The wind gauge is a metal salmon on top of a flag pole. “We bring it down during the winter and, prior to putting it back up, we have people engrave their names on it.”Local artists have also contributed to Cape Alitak’s uniqueness. Ralph Christiansen of Old Harbor carved the mask on the tin warehouse; Knebel added the tusks. Kay Underwood, one of the set-netters who sell fish to Alitak, painted a life-size picture of a Kodiak brown bear that looks a lot like the one that charged Knebel at Cape Alitak. Underwood’s mural of the mythical god, Trident, guards the entrance to the bathrooms.

Recently Knebel constructed a chapel that provides spiritual refreshment during the long, weary summer. Topped with a cross, the buildings stands away from the cannery complex, with a mountainous backdrop. People of any creed can come to the chapel to pray and meditate. The son of a Lutheran Church Missouri Synod pastor, Knebel said the chapel allows room for the spiritual and mystical.

The novelties at the Alitak cannery break the monotony of a job that can be exhausting and painfully routine. When fishing is at its peak, cannery workers stand 16 hours a day on their feet at the canning and slime lines. “They always seem to get the brunt of everything,” Knebel said. By the end of summer, workers are ready to shed their rain gear and boots and head to warmer climes.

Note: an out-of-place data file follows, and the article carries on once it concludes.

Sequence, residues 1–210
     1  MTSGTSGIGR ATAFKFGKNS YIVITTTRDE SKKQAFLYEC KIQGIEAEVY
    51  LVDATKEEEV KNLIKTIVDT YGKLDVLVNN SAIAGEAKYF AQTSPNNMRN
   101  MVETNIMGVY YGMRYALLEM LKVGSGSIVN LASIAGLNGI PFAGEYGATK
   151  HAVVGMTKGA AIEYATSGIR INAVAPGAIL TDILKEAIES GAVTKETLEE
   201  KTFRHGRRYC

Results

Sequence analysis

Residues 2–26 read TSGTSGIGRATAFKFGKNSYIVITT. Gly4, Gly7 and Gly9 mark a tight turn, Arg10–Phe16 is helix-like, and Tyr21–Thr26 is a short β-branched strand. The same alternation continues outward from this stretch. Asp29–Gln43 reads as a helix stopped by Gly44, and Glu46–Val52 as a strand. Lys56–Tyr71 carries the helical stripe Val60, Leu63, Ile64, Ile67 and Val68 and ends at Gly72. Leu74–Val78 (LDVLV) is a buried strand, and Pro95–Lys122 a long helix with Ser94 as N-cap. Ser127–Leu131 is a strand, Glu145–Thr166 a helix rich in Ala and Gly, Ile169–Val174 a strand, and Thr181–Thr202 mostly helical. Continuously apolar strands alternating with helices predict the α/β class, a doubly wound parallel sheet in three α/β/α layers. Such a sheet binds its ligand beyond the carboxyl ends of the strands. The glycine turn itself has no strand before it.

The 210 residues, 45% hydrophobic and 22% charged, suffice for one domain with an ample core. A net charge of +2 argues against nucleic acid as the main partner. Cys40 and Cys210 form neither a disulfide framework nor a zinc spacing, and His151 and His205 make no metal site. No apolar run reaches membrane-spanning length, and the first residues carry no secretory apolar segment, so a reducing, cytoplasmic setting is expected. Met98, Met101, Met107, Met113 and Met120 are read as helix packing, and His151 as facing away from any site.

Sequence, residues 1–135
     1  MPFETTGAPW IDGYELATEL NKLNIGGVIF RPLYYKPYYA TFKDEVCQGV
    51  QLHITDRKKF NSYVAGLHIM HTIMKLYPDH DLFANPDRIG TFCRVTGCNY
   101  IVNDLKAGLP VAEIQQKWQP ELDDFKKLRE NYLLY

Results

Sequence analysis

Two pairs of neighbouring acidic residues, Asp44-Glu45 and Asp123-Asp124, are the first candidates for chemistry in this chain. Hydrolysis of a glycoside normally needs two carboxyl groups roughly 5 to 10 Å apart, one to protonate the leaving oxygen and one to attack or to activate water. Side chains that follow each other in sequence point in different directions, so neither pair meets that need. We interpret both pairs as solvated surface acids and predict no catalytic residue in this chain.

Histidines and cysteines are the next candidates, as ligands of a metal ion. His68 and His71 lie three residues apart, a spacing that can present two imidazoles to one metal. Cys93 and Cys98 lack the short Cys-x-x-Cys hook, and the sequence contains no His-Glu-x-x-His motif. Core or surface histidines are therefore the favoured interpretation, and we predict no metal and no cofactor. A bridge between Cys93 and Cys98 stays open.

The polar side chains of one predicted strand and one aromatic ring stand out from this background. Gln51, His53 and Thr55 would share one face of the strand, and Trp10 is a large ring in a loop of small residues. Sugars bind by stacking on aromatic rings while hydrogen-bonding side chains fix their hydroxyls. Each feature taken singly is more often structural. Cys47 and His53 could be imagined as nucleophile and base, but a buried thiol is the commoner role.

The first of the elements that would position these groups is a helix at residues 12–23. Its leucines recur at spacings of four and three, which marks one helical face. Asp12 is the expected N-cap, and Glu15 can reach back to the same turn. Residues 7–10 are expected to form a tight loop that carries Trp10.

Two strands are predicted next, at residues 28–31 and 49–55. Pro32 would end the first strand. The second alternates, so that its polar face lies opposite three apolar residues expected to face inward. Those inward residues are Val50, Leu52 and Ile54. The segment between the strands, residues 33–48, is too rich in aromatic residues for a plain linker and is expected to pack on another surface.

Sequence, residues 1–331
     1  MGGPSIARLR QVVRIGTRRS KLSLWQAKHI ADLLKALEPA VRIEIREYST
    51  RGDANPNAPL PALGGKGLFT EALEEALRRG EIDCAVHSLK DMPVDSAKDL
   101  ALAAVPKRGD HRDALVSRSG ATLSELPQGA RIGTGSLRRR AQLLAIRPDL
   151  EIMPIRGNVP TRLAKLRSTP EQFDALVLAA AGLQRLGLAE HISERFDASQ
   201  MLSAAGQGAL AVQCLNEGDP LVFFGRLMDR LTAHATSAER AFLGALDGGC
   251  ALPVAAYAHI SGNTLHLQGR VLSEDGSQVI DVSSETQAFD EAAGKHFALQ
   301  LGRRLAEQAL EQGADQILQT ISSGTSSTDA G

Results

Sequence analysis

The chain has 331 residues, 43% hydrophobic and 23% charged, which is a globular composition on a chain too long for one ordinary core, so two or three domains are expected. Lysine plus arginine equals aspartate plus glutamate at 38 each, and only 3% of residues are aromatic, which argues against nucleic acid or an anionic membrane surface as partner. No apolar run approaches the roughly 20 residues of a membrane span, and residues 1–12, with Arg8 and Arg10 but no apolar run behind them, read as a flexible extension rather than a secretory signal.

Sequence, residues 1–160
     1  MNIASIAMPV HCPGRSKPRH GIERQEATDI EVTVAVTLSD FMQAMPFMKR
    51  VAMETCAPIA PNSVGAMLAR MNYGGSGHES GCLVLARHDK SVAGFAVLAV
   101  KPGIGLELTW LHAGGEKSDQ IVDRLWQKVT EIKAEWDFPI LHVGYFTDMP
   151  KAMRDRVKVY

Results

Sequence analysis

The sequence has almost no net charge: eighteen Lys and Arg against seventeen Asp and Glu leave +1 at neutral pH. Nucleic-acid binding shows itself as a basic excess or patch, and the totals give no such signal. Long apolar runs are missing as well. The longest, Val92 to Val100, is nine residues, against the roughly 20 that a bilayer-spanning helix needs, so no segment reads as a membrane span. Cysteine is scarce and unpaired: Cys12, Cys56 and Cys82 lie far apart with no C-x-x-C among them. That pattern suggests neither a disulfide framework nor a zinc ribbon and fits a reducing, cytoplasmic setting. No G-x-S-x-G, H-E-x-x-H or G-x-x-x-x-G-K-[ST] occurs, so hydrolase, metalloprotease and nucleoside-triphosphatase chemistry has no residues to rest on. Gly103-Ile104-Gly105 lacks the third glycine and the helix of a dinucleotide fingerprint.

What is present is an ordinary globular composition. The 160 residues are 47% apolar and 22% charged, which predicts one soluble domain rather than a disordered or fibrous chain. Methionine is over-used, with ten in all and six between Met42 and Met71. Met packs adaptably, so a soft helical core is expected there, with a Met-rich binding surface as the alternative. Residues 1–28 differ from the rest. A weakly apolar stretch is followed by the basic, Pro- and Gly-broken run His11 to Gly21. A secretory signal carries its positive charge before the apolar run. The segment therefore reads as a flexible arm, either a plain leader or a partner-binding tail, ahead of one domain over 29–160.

“We can’t wait to get out of here this time of year,” Knebel said one early September day as the skeleton crew was closing the place up. “But come January and February, we wonder what’s going on up here.” By spring, Knebel looks forward to returning to his summer home, where the atmosphere and “hardworking, good people” provide good company. “I think that’s what I like the best about the place,” he said. “I’ve met people from around the island and different parts of the country. There is something that brings them together here.”

In spite of periods of monotony at Alitak, there always seems to be some diversion that keeps Knebel and his crew from letting their guard down and slipping into the misconception that life is ordinary and predictable.  Often they are reminded of the wonder that surrounds them.

The ancient petroglyph cliffs at Cape Alitak a few miles away, provided Knebel with many hours of fascinating study and research which gave him abundant material for a book.During his field research, Knebel had the terrifying privilege of coming close to a bear. He found friendlier company while diving with a beluga whale that had been hanging around the docks for a couple of months. “The whale let the kids rub his tongue, but he wouldn’t let adults pet him.

Knebel’s escapades, encounters and accomplishments are depicted in his photographs and in sketches painted on a piece of walrus ivory by artist, Dick Freeman. A group of Kodiak Island fishermen commissioned Freeman to do the work as a gift of appreciation to Knebel. Knebel is well known for his rapport with fishermen and his employees. That relationship is a “two way street,” he said. “I’ve met a lot of interesting people and I get along with them pretty well.”That conciliatory attitude probably explains why roughly 95 percent of the workers at Cape Alitak return, year after year. Knebel said it’s important to be “upfront with people, and treat them the way they like to be treated.”